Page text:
Dubai: Prices of petrol and diesel rose by more than 25 per cent yesterday in Qatar. The new prices are one Qatari riyal (Dh1.10) per litre for super 97 octane, while premium petrol is 0.85 riyal a litre. Diesel, on the other hand, will cost one riyal per litre and kerosene's price have been jacked up to 0.80 riyal a litre, according to Qatari English daily The Peninsula.

The new rates went into effect yesterday, and the notice dated January 22, written in Arabic, said the prices of all petroleum products were being increased as of January 23.

The new rates are applicable to private as well as government owned filling stations. What surprised many was the fact that government offices were closed on the weekend, yet the decision was taken and a notice was issued and dated on the weekend.

The notification was received by stations at 10.30pm on Saturday, three hours before it took effect. "We are shocked by the sudden increase," said a Qatari motorist who had driven into a Woqood filling station on Saturday. However, as the news spread and people began sending SMS messages to friends and relatives, more motorists could be seen at several filling stations filling up before the new rates took effect, reported The Peninsula.

Petroleum products are subsidised by the Qatari government and despite the increase, refined products like petrol, diesel and kerosene remain cheaper than in the rest of the world and even some neighbouring Gulf Cooperation Council (GCC) states.


Qatari motorist Abdul Rahman Al Haidoos said the petrol price hike was not a good sign, and another Qatari said petrol prices should not have been raised, especially when the prices of almost everything are going up. "I had never dreamt this would happen," said Haithem Fares, a Jordanian who was driving an eight-cylinder pickup, quoted by the newspaper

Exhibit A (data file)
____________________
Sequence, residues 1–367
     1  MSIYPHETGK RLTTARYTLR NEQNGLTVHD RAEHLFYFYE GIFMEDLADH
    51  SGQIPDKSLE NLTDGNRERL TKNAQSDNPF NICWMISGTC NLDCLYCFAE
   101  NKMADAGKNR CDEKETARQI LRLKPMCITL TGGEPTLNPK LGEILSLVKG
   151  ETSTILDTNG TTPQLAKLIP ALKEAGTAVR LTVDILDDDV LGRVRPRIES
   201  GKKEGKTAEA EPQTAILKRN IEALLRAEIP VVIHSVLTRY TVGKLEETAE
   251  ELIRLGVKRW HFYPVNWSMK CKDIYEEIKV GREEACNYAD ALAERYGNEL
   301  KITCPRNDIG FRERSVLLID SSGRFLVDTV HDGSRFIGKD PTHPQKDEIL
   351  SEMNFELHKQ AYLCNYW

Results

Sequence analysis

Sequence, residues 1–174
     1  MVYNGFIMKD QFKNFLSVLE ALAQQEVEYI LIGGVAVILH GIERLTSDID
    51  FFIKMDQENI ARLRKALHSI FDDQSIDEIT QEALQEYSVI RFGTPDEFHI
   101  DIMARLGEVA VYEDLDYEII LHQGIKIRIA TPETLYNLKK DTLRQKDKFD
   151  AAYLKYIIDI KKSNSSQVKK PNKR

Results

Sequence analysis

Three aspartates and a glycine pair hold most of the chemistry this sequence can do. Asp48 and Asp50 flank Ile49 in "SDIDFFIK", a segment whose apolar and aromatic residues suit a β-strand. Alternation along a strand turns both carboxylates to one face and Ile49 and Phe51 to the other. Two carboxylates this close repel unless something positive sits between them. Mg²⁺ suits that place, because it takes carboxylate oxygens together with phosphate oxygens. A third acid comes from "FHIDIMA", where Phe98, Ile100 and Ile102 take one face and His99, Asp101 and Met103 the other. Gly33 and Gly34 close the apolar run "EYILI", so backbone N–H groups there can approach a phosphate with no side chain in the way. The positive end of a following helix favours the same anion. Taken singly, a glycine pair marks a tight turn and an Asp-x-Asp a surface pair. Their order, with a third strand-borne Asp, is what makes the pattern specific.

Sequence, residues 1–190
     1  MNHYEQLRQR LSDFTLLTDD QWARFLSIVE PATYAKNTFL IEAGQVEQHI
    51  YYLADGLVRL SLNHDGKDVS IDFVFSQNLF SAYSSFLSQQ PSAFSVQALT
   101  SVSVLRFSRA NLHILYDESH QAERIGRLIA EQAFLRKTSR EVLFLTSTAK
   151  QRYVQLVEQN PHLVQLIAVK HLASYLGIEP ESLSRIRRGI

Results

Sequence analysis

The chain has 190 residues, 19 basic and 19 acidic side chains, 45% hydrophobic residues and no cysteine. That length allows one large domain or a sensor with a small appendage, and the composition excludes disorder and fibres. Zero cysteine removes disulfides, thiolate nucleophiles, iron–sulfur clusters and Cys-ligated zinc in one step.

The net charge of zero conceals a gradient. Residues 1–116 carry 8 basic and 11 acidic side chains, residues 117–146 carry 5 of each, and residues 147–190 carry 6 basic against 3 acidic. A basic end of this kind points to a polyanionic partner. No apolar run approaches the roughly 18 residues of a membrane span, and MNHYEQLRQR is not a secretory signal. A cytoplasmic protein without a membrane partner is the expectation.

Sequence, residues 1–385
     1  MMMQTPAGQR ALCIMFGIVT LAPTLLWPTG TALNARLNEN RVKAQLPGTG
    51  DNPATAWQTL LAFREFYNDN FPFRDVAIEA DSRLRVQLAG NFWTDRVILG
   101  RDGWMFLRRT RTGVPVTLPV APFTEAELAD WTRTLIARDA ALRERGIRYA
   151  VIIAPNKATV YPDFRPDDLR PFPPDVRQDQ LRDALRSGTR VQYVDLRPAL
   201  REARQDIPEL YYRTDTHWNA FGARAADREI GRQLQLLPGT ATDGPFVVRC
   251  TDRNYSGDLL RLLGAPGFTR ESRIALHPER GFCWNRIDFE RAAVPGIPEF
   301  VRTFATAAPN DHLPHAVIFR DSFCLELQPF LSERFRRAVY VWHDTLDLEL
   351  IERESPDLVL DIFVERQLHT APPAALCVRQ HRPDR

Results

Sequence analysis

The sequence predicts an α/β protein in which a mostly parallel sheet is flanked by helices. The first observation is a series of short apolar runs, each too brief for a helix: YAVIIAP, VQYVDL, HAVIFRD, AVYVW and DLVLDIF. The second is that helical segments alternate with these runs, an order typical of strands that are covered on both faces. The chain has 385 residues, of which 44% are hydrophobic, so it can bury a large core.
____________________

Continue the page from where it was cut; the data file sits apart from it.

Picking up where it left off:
Social websites were abuzz with the news with people, particularly citizens posting comments. No one seemed to approve the move and they were surprised by Woqood's (Qatar Fuel Company) decision since it is a public shareholding company largely owned by the state.

"If a state backed company raises prices of basic products like petroleum with such suddenness and by a hefty 25 per cent, what happens to private companies that supply basic foodstuffs and services?" some people asked. "We were actually waiting for some generous gesture from the government after the Kuwaiti government recently announced free food for 14 months and monetary gifts for its citizens, but what happened here is just the reverse. It's shocking," said a commentator quoted by the newspaper.

Some posted comments saying they would drive their cars to filling stations in nearby Saudi Arabia to get their tanks filled.

According to The Peninsula some analysts said although petrol prices are not as significant an issue in Qatar as in some oil importing countries, the hike here would definitely force companies to pass on the burden to end-users.

"This is sure to increase the inflationary pressure," said an official of a company, agreeing that his staff transport costs could go up and they might pass on the burden to consumers. An official of a shopping complex said commodity prices were unlikely to be impacted since household expenses for fuel don't work out to much compared to rent or food.

But motorists said their budgets would definitely be negatively impacted and added they feared the petrol price hike might lead to further inflation.